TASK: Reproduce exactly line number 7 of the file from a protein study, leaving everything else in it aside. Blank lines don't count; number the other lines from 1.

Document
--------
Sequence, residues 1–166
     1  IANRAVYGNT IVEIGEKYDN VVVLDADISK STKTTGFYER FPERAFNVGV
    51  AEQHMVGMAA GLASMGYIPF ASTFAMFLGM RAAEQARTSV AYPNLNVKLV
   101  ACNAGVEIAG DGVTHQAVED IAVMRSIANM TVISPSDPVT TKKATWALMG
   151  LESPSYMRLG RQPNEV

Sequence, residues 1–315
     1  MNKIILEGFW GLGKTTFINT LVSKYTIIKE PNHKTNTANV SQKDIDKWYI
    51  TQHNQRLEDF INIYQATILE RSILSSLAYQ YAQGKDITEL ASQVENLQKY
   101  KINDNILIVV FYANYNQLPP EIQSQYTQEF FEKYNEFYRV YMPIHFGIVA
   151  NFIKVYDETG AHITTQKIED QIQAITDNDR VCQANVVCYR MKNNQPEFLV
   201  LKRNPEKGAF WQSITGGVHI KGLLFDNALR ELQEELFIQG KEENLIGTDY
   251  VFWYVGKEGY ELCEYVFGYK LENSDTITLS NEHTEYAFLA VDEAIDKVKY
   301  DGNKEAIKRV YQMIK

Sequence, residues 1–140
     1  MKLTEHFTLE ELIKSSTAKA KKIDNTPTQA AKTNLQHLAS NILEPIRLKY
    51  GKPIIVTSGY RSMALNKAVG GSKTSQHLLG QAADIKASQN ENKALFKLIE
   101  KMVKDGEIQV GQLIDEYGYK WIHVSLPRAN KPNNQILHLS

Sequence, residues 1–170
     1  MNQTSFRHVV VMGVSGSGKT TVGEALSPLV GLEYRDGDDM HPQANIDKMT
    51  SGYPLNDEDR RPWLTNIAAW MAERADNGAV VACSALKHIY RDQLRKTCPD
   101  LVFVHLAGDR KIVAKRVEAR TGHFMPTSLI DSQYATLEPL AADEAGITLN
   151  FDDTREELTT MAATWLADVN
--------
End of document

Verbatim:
     1  MNKIILEGFW GLGKTTFINT LVSKYTIIKE PNHKTNTANV SQKDIDKWYI